On June 17 through 22, nearly twenty 4th and 5th graders descended upon Bellwether Farm. They were here for St. Paul’s, Cleveland Heights’ Reading Camp. While the campers came to learn reading skills, they also experienced outdoor programs at the farm that provided context for the things they read throughout the week. I taught some of those programs, but in the end, the 4th and 5th graders taught me a lot. Here are a few things I learned at Reading Camp:
1.) Talk less, play more On the first day of camp, we took a scavenger hike and went fishing. As an educator, there’s always plenty to talk about. So, in outdoor programming, I challenge myself to let the kids do a lot of the talking, interacting, and play. (I guess I’m often concerned that they might not “get it" when I have to explain the concept of biodiversity or how to properly cast a fishing rod.) The campers reminded me that play—and nature—is its own teacher! They picked up on bird and insect sounds I couldn’t hear, discovered aquatic life in the river, and every single camper caught at least one fish, even those who had never held a fishing pole before. This day was a success because they had the time and space to make mistakes, explore, and play.
2.) Differences keep life from being boring I asked the campers what a “habitat” is. A 5th grade camper’s eyes brightened as she connected the daily reading from earlier that morning. “A community!” she replied. What a brilliant connection. For the rest of the week, we used her answer to frame all of our activities in the woods, pond, garden, and animal barn. What are the members of the community of farm animals? What about the community of a beehive? The campers kept pointing out how many different colors of eggs there were and how many different types of veggie plants were in the beds. When I asked why diversity, or differences, are important parts of community, a child answered, “Because everyone needs a place in the community." Another answered, “Because otherwise it would be the same and boring.” Couldn’t have said it better myself.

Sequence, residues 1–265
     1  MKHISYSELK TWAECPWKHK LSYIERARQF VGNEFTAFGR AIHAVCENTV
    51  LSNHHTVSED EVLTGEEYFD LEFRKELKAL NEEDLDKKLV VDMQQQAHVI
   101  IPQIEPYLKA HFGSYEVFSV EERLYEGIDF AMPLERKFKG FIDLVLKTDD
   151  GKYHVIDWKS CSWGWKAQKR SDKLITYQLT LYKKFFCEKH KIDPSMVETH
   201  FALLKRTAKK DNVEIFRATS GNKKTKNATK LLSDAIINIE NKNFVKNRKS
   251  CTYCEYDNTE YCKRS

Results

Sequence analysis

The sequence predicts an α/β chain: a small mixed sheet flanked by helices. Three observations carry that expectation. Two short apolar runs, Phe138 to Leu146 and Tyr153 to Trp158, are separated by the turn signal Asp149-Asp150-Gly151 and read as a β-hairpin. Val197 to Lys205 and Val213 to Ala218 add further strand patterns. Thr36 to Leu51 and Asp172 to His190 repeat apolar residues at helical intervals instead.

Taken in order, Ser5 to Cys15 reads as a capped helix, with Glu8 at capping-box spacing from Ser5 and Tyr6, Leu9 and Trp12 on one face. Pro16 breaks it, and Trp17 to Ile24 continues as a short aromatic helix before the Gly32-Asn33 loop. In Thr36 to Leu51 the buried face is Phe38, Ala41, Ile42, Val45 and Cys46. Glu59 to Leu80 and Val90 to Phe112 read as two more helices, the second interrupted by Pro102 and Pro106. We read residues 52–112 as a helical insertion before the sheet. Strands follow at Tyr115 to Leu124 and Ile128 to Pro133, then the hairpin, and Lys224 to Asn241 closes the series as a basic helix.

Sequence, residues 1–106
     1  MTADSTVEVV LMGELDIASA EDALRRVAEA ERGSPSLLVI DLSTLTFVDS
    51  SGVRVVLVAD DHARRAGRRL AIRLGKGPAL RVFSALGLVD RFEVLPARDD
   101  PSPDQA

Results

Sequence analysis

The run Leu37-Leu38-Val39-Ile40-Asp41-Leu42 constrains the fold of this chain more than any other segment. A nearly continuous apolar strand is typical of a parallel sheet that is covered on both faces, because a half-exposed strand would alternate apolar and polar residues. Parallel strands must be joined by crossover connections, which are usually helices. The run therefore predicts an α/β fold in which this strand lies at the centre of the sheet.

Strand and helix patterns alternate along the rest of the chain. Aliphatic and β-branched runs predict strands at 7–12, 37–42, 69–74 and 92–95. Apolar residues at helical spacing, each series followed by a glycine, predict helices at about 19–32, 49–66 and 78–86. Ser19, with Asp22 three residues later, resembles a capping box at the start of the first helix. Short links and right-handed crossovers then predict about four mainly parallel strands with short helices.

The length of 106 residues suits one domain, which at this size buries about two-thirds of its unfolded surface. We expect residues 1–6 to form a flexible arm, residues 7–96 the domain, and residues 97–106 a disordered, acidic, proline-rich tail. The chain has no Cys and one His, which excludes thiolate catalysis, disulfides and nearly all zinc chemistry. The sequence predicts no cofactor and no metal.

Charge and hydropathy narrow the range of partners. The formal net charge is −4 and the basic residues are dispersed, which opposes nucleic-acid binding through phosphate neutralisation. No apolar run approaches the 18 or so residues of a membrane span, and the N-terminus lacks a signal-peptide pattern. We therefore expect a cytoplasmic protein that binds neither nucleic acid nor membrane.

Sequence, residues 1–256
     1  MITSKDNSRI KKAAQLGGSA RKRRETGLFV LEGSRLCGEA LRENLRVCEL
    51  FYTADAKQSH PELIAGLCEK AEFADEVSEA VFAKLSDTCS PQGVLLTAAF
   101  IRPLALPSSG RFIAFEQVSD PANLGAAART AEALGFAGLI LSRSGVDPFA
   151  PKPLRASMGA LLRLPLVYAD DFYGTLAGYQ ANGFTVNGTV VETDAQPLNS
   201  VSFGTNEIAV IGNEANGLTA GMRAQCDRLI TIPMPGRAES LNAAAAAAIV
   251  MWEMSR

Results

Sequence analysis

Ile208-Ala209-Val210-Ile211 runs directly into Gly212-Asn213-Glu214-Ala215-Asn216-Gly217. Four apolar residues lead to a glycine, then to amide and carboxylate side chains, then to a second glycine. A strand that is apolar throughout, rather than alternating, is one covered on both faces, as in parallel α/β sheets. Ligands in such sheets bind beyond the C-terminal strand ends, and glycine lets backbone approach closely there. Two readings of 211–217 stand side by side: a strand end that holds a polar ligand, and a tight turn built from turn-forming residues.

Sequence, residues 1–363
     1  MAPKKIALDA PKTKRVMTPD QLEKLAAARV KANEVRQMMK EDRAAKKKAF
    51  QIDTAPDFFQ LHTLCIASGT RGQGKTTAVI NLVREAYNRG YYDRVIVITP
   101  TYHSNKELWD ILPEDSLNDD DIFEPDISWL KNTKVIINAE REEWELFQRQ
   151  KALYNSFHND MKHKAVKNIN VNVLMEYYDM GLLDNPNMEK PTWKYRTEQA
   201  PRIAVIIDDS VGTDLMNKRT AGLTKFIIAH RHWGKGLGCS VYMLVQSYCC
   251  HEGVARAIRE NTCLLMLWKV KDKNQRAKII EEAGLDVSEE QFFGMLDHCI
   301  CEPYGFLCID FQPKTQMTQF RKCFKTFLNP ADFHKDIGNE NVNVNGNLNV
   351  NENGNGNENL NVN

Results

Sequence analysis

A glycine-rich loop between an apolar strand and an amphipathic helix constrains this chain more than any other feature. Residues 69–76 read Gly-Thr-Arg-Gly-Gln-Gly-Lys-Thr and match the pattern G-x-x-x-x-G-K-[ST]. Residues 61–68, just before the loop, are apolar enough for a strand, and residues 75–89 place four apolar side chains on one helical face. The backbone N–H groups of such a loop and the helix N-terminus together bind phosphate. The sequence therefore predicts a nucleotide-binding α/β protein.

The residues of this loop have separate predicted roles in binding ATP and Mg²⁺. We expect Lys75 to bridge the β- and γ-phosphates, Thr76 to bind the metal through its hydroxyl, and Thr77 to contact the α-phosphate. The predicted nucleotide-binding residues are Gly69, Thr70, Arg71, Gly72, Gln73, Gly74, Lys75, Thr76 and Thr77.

3.) Curiosity trumps fear Bee stings hurt. Most children know that. Thus my astonishment at how brave every single camper was when we went to the honeybee hives on Pollinator Day. Maybe it was that we had tasted different types of honey beforehand, or that we had talked about the endearing habit bees have of ‘dancing’ to tell the others where food is, or that they learned how beneficial bees are to pollination and producing foods we need and love. Actually, I think it was because bees and beekeeping are just so cool. Isaac donned a beekeeping suit and the campers touched a real honeycomb. They bent close to observe a worker bee inspecting an empty hexagon and asked question after question. They calmly and curiously walked through the busy swarm to get a close-up look at the buzzing hive and it hit me how powerful, calming, and fear-quenching curiosity can be.
4.) Believe, try, and you’ll hit a bullseye A 5th grade girl was concentrating very hard on the 12 steps of archery. She lined up her feet and pointed one diagonally from her body. She deliberately nocked her arrow and lifted the bow slowly, trembling from the strain as she pulled back the string. She released and the arrow bounced off the top of the target. Instead of throwing down the bow and giving up, she asked what she did wrong. Was she not strong enough? I told her everything she did right and that next time we could go through the steps together. This time, she built on what she tried before and held her hips straight, her draw hand locked to the side of her face as she pulled the arrow back. “OK, when you can tell your body is in the right place and it feels right, you can…” WHIZ—Thud! She knew she was aiming true and trusted to let go. There was an arrow shaft sticking from the bullseye! She turned to me with a surprised but proud grin as the counselors and other kids cheered.
5.) Just jump in! Although some campers had never been canoeing or swum in a lake before, they were paddling and doggie-paddling as soon as they could. This attitude was carried throughout the week—these campers greeted new and different experiences with open arms. They simply jumped in! This is an attitude, in adult life, faith-life, work, and play, that I am glad to be reminded of and to learn.
Throughout the week of games, activities, and learning, we’d circle up to check in and I or another leader would offer a prompt. Once, when the question was "What is your favorite thing about summer?" a fifthgrader answered “Reading Camp!” So ultimately, I learned that Reading Camp—and the campers who taught me so much— are pretty awesome indeed.